RECIPE: Pumpkin Cranberry Bread | The Nibble Webzine Of Food Adventures - The Nibble Webzine Of Food Adventures RECIPE: Pumpkin Cranberry Bread | The Nibble Webzine Of Food Adventures
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RECIPE: Pumpkin Cranberry Bread

Carrot cake and carrot bread seem to be on the menu year-round; but fall means pumpkin bread. This recipe incorporates that other favorite fall ingredient, cranberries.

Thanks to Cheryl Indelicato, proprietor of HandCraft Wines in California, for sharing this recipe:


Ingredients For One Loaf

  • 1 cup solid-pack pumpkin
  • 1 cup sugar
  • ¼ cup water
  • 2 large eggs
  • ¼ cup vegetable oil
  • 1 cup all-purpose flour
  • 1 cup whole wheat flour
  • 2 teaspoons baking powder
  • ½ teaspoon salt
  • ½ teaspoon baking soda
  • ½ teaspoon cinnamon
  • ½ teaspoon ground ginger
  • ¼ teaspoon ground cloves
  • 1 cup fresh or frozen cranberries
    Enjoy pumpkin bread plain as a snack cake, or pair it with ice cream or whipped cream for dessert. Photo courtesy Cheryl Indelicato | HandCraft Winery.

    1. Preheat oven to 350°F.

    2. COMBINE. In a large bowl with an electric mixer beat together pumpkin, sugar, water, eggs and oil. Sift in flour, baking powder, salt, baking soda and spices; stir just until batter is smooth.

    3. ADD. Stir in cranberries and spoon batter into loaf pan that has been buttered or sprayed with non-stick spray.

    4. BAKE. Bake bread in middle of oven 1 hour and 15 minutes, or until tester comes out clean. Cool in pan on a rack ten minutes.Turn bread out onto rack and cool completely.

    Bread may be made 4 days ahead refrigerated, wrapped tightly; or it can be frozen for future enjoyment.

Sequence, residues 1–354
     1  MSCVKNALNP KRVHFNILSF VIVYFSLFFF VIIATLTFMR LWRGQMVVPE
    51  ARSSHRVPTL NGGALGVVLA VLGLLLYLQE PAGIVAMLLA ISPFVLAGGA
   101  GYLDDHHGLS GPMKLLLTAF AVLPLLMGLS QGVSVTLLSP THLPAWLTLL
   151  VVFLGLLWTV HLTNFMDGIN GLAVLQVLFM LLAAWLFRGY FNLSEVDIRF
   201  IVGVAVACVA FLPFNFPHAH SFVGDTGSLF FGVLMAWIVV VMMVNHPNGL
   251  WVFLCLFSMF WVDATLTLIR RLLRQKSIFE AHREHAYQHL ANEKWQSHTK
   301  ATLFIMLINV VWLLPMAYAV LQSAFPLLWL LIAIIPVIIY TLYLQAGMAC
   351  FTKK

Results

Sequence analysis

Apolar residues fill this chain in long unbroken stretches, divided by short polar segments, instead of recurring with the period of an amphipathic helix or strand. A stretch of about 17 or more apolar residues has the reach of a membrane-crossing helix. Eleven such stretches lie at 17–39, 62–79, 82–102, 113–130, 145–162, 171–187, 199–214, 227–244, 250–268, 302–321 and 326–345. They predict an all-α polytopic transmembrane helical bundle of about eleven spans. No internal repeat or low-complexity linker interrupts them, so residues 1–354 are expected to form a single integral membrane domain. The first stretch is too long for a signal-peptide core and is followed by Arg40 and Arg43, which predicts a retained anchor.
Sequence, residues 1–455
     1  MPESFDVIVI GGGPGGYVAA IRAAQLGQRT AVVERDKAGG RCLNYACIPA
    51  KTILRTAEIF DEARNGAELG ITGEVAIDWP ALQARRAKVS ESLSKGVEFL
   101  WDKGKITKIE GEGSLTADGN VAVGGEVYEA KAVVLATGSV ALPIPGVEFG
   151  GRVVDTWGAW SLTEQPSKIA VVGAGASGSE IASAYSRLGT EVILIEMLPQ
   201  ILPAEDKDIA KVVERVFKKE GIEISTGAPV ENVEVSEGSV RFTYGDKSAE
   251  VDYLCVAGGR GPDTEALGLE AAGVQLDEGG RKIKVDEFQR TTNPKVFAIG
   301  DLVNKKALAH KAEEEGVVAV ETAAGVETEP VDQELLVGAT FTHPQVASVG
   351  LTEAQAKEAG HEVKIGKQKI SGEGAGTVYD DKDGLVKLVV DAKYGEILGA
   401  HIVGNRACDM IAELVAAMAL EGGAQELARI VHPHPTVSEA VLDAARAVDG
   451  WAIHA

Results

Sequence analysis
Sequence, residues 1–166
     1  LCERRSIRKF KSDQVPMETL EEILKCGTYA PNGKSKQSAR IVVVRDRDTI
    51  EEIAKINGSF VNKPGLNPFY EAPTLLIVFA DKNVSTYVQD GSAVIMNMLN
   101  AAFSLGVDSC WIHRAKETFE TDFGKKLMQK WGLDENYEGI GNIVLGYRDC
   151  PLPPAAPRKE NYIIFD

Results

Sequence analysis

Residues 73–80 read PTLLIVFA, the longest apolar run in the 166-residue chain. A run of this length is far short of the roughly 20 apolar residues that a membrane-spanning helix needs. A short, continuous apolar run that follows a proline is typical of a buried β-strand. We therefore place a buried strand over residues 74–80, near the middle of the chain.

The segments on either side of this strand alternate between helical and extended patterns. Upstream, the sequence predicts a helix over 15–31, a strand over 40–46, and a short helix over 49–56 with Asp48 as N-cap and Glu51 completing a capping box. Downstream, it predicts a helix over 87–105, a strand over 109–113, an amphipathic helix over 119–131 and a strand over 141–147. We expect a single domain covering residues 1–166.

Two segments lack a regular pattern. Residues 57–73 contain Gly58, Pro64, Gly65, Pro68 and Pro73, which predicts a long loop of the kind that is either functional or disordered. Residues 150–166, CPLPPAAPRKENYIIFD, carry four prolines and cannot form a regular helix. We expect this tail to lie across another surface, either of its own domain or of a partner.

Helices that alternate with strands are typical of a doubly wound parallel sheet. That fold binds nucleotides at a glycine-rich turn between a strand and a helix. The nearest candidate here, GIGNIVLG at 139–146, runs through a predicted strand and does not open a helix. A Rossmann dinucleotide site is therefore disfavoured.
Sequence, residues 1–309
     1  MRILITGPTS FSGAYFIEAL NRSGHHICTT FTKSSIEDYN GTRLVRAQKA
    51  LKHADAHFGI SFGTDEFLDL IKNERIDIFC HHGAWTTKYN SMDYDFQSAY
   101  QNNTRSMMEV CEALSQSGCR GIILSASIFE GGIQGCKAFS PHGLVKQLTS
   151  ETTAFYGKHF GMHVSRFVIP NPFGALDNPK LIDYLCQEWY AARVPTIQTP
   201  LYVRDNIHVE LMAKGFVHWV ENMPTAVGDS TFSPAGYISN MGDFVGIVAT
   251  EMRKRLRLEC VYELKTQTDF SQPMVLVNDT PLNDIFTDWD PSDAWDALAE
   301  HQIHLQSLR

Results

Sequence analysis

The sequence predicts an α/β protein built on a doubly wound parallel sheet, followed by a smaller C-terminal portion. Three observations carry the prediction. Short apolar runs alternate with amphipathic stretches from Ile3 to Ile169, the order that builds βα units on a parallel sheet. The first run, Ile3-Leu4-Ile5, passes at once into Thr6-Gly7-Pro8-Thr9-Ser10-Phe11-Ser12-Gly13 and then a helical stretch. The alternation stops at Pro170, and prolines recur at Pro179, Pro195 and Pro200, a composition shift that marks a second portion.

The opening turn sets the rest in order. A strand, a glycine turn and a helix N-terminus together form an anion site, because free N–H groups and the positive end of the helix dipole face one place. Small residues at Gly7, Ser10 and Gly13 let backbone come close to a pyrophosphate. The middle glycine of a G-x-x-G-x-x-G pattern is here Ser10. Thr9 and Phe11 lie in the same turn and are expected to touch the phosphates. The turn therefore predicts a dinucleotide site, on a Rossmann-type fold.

Let slices come to room temperature or warm in the microwave. Serve plain or with butter as a snack; or with ice cream (pumpkin spice, rum raisin, vanilla), mascarpone, or whipped cream for dessert.

    While the origin of the “bread” style of cake is unknown, food historians believe that it was originated in the 18th century with housewives experimenting with pearl ash. Banana bread became common in American cookbooks in the 1930s, with the popularization of baking soda and baking powder, and very popular in the 1960s, when variations with simple inclusions (nuts, chocolate morsels) created simple but delicious snack cakes.

    While some recipes use the terms interchangeably, a cake is a bit different than a bread-style cake, which is a sweetened version of a quickbread. The term loaf cake is often used. A sweet bread is similar to a muffin, except for the shape.

    Here are the key differentiators, which also differentiate a muffin from a cupcake:

    Density. A bread is leavened with baking soda instead of yeast, and is more dense than a cake. (This is not necessarily true for conventional breads, which can be as airy as cakes). In general, loaf cakes or “breads” have a denser crumb, a rougher texture and often less sugar than their cake counterparts. A cake is airy and eaten with a fork. A bread is dense like a brownie, and can be eaten with a fork or with the fingers.

    Frosting. Cakes are often frosted or otherwise garnished, for example, with confectioners sugar; the layers are filled. Loaf cakes may or may not be frosted.

    Moistness. A cake has more fat, and thus is moister.

    Sweetness. Cakes are sweeter.

    Shape. Cakes are baked in round or rectangular pans. A bread is typically baked in a loaf pan. Cakes can be single layers (like bundt cakes) or multiple layers; loaf breads are single layer.

    Find more of our favorite cake recipes.


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